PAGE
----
Haha, I definitely agree with removing the 10 second splash screen at the beginning lol. For the game I'm designing, I was thinking of something in between the ff13 paradigm system and the phantasy star mechanic you described. Where the player can create a sort of party command, composed of specific commands for each party member, but the player has the choice on how specific the commands are, for example, heal the most damage, or heal this specific character. the player can define a fixed number of these party commands outside of battle, and swap between them during battle. But apart from this, the player only has control of the main character. Thoughts?

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I haven't played FF13, but I've played MMOs like MixMaster and Eudemons Online where you control a human unit which attacks directly and is followed around by up to three automated pet units which also attack directly, though some are physical and some magical.  IIRC Eudemons allowed players to set the pets' AI among two or three choices.  Both games have realtime combat.  Personally I find them the total opposite of tactical; the only thing less tactical would be complete auto-combat.  And to me non-tactical combat is almost always boring because it's too simple, you don't have enough elements to work with and make decisions about.

 

On the other hand, I enjoyed playing Dofus as an Osamodas, which is a summoner class; a human unit which can summon a varying number of automated pet units as well as attack directly.  Dofus is a turn-based tactical game, so there are an adequate number of tactical elements to work with: spending spell points to customize your character's arsenal of abilities, choice of equipment to customize your character's stats, the terrain of each individual battle, the choice of what abilities to spend your AP on each turn, and the choice of which square within a range to summon your pet onto, which would influence what its AI chose to do.  Not the most complicated combat ever; I particularly didn't like how abilities available for purchase were so strictly limited for each class.  But definitely more complex and interesting than the other classes in the same game which did not have follower units.

 

Another relevant comparison might be Azure Dreams vs. Eternal Eyes.  These were arguably the two best tactical pet games for PS1.  Azure Dreams had a human unit accompanied by up to two automated pets (usually only 1) which had about 5 AI settings, and if the player really wanted to they could directly command a pet to make a specific move.  Eternal Eyes on the other hand had the player usually controlling 4 or 5 units, at least one of them human and the rest pets.  The pets were not automated; the player controlled each pet's movement and actions on every turn, like regular human tactical units (in the Disgaea series for my favorite example).  Both of these games were fun.  AD was simpler but faster, and EE was slower but more mentally stimulating.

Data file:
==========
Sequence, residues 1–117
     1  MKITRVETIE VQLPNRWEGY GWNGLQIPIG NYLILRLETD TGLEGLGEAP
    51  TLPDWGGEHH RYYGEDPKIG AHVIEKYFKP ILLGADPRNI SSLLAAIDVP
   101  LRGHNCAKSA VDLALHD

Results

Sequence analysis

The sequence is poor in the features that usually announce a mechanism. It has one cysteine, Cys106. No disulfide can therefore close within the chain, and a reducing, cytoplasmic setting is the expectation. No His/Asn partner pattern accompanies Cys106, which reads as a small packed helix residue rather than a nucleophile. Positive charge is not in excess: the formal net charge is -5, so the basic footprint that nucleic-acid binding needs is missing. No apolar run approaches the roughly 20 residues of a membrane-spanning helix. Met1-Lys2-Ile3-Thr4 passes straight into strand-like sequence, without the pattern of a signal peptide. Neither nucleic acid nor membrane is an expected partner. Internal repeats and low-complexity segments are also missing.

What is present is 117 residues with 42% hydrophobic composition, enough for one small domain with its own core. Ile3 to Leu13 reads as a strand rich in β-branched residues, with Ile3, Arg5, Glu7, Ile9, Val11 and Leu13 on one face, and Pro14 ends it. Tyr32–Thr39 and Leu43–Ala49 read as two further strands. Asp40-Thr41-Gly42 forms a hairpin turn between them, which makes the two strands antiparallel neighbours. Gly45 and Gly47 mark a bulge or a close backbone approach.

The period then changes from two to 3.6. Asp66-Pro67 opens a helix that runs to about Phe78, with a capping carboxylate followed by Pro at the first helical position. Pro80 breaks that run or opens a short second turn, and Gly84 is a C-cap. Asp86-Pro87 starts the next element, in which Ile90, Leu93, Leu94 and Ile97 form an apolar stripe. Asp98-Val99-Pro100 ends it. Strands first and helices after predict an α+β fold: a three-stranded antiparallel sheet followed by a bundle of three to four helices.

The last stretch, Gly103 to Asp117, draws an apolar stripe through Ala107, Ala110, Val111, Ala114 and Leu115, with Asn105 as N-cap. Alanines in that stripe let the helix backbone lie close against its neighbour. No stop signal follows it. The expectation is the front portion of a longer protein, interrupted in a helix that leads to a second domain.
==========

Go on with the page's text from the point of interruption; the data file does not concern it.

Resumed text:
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On a theoretical level it can create an additional layer of gameplay because you don't only have to anticipate what your opponents will do, but have to anticipate what your allies will do. If the AI characters can act in a reasonable way then it's clear that this could make the game more interesting. But if they act in an unreasonable way then the player's reduced ability to influence the outcome of a battle is likely to be frustrating.

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My take on this:

It does make the game more Tactical, in the sense that you manage units that are self-sufficient and give them broad orders.

It does however remove the very fun puzzle element of several games.

The most interesting battles in RPGs I've seen are not the one where you gear yourself with as much dps as possible and a healer and jump into the fray.

They are the ones with a puzzle, something to solve.

It was one of the things that made Chrono very interesting (bosses weren't particularly tough most of the times, but you had to figure out what you needed to achieve).

For example (and its not a fun one per se, but it does get the point across) fighting the Guardian required you to focus on the bits first and THEN strike the core.

It was a simple pattern.

FF5 and FF6 went a step further (particularly in FF5's entire last long level) by giving you bosses you needed to think about. Shinryuu and Omega, for example, are very memorable bossfights.

 

By taking away the ability to micro-manage specific abilities, you remove a puzzle and replace it with a numbers game. Its not that it isn't fun, but its a different gameplay altogether. It WILL make the "numbers game" more fun and streamlined (and that's a serious plus) by making the game a lot more like an abstracted FF Tactics so to speak, but it will also significantly decrease your ability to make these puzzle battles.

 

Its a design choice you need to make, knowing there is no absolute good choice (you just need to be comfortable with that choice, and support it with as much fun as you can).

Personally, I prefer the puzzle aspect to the numbers game, but for a grinding userbase, this will probably be a lot more appealing than the original system.

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if i'm not playing real time, i have time to control my "side". my ally's AI is not going to be as smart as me. at best it will be adequate and won't make me want to break stuff and nuke souls.     it should be optional.   unless thats the whole intent of the game.   if you do it, the AI must be as good as the player doing it themselves.  nothing makes me quit a game faster than having to run around with worthless squaddies who blow your cover, waste your resources, get in your line of fire, and worst of all you can't just shoot them and get the F on with playing.